J.C. said...

Oh my, where to start? Poor Chesterton! Well, yes, our modern minds find it very jarring to think of a time when women were disenfranchised. But if you can set aside our initial, understandably, knee-jerk reaction to the fact, and consider without prejudice why it was that Chesterton opposed these things, it is helpful to step outside "our little cultural/historical bubble," as you so aptly put it. This was a time when families were considered units, when marriage and family (and the laws that governed them), were oriented to the end of raising children and not to the end of individual personal self-fulfillment. It was a time period (though by no means perfect), whose conventional values were actually much closer to our Catholic mindset. Self-sacrifice and duty were commonly considered necessary expression of authentic love. Yes, the head of the family cast the vote, but he was supposed to represent the interests of his family as a whole, subverting even his own particular interests to this end. This arrangement benefited the family particularly, and, therefore, society as a whole. Were some women abused and exploited in such circumstances? Of course. And many women suffer immensely today, even with the advantages of modern laws. However, I would argue, as Chesterton predicted with amazing perspicacity, that more women and children suffer as a result of the problems unleashed by trying to correct these perceived injustices and oppression than did under a conservative patriarchal system. It's not that these problems were absent, but in our day, we are faced with the results of the modern laws meant to liberate women from the shackles of marriage and domesticity. I hardly think that the alternative is any more attractive--rampant no-fault divorce, epidemic promiscuity and illegitimacy, casual abortion, dysfunctional family life...

J.C. said...

Also, it seems contrary to criticize Chesterton for his "florid" "rhapsodizing" idealizing domesticity when one of the main difficulties or complaints of women who do operate in the domestic sphere, is the isolation and anonymity of the task, away from public (and sometimes private) recognition and praise. You, yourself rightly recognize the domestic sphere as "vitally important to society." Is Chesterton not qualified to do so simply because he is a man? Or did he overstep his bounds in doing so excessively?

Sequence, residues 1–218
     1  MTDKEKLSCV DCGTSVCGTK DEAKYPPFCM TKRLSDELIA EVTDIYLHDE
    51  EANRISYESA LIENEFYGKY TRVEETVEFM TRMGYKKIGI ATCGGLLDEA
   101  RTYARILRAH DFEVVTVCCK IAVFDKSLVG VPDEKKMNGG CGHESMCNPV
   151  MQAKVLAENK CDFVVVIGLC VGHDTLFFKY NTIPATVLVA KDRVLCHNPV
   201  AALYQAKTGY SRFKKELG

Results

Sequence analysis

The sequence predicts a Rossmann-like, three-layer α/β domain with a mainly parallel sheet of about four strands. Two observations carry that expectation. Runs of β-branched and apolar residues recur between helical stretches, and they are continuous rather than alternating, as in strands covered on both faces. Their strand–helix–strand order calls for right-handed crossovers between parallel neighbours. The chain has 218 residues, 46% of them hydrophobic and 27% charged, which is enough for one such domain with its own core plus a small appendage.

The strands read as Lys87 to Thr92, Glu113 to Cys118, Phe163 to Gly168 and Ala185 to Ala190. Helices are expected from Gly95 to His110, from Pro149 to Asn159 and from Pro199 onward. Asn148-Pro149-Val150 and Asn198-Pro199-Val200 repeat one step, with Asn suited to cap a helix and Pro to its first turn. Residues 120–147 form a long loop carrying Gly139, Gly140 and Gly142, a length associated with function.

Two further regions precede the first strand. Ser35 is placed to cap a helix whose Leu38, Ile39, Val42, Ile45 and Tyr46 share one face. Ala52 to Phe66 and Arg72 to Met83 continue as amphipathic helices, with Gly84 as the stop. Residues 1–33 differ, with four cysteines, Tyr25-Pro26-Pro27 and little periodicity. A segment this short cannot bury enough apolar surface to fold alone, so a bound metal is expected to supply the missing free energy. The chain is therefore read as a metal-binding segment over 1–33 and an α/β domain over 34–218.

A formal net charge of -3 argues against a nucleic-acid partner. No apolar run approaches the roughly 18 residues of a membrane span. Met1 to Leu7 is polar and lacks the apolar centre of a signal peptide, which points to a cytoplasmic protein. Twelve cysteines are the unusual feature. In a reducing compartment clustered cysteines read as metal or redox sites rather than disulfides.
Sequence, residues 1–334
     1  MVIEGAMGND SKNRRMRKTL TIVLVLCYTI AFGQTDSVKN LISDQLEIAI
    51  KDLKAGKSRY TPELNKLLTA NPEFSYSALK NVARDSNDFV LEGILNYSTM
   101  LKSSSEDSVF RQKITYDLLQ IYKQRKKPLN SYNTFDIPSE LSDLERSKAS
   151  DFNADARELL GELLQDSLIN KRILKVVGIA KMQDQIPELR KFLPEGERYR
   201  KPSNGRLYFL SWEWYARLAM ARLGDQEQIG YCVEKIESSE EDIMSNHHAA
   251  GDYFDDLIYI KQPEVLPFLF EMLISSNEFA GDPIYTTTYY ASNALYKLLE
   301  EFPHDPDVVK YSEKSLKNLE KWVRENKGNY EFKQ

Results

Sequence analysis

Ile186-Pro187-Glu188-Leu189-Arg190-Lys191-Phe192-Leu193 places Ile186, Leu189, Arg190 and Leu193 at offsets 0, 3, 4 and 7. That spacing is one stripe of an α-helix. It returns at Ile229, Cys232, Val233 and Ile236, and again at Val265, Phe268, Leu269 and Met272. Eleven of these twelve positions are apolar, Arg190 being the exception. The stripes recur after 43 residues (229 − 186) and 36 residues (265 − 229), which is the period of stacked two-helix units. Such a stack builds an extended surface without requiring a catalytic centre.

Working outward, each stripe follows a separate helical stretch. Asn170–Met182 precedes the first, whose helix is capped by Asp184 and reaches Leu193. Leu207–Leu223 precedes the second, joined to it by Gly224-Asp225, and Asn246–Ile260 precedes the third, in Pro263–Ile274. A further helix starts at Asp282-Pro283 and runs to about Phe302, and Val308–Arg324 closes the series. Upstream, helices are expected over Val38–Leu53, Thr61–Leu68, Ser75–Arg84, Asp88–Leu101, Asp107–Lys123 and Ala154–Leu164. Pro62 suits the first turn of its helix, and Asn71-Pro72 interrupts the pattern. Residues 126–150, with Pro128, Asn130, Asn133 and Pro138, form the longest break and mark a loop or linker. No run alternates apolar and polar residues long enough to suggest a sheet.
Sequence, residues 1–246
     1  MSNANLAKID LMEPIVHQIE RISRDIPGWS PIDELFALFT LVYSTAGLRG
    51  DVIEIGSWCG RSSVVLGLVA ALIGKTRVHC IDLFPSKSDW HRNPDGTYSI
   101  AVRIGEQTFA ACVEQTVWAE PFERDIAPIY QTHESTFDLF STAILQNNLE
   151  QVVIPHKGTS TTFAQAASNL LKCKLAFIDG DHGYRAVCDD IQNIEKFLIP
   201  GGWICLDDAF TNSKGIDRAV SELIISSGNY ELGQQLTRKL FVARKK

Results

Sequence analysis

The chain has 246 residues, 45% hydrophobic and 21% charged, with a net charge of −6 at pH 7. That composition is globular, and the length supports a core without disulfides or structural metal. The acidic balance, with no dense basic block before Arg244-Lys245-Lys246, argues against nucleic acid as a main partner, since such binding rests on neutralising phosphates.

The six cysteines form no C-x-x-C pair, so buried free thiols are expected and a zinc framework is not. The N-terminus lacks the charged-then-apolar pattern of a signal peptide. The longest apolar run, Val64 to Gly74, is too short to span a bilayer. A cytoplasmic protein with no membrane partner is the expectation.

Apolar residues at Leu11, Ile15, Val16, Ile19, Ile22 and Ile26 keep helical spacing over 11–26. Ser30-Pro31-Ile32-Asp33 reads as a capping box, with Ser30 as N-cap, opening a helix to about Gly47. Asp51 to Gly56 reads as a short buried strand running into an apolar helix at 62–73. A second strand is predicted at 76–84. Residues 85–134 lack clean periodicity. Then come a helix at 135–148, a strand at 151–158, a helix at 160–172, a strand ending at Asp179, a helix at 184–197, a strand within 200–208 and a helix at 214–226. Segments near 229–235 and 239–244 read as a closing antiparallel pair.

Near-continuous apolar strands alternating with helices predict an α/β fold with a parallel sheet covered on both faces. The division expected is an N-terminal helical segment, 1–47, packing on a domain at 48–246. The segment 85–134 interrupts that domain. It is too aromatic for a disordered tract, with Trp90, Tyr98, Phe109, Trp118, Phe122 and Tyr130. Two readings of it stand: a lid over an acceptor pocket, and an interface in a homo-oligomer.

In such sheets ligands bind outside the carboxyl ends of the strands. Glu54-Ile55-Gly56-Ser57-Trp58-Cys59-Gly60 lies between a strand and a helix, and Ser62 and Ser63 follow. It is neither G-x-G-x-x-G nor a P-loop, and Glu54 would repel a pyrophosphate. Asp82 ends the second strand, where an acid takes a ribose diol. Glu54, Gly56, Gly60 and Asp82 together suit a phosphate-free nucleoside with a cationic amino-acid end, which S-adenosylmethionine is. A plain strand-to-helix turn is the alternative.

J.C. said...

Also, I find that this discussion is only relevant to the middle class woman. And I don't think your selective historical examples serve your cause. Who do you think comprised the "considerable help" these women had raising their children? They were other presumably oppressed women! Why do you identify with Zelie Martin and not the wet-nurse? Most likely she, too was a devout Catholic who had to subscribe to one of the widely varied "method(s) of motherhood" to which you allude. The fact is, most woman outside "our little cultural/historical bubble" fell into the domestic arrangement you are seeking to escape. Most of us on these forums have the luxury of actually having a choice either to work or stay home. I say luxury loosely because I know first hand the sacrifices homeschooling stay-at-home mothers make. They are considerable to our modern, first-world minds, however, they are not the same sacrifices that third-world maids make or impoverished mothers in Africa. No one is criticizing women for working outside the house because they must. And yes, you are right, privileged women have always had the luxury of outsourcing cleaning or child care to have more personal time. Good for them. The criticism never lies with the acts, per se, but in the degree that these acts are detrimental to particular children or a particular marriage. It is so highly subjective that sometimes I find
these discussions somewhat amusing. It often appear to be a pre-emptive attack against some anticipated future criticism. The fact is, these decisions can only be made in the context of a marriage, between husband and wife. Catholicism is the anti-dote to the illusion that we are in control of our lives. We can't know what God has in store for us. As long as we are honestly self-less and pure in our intentions before God, barring something scandalous, the perceptions of others shouldn't matter. The knowledge that we are genuinely striving to fulfill the will of God in our lives is really the only thing that offers women, people in general, true freedom and joy.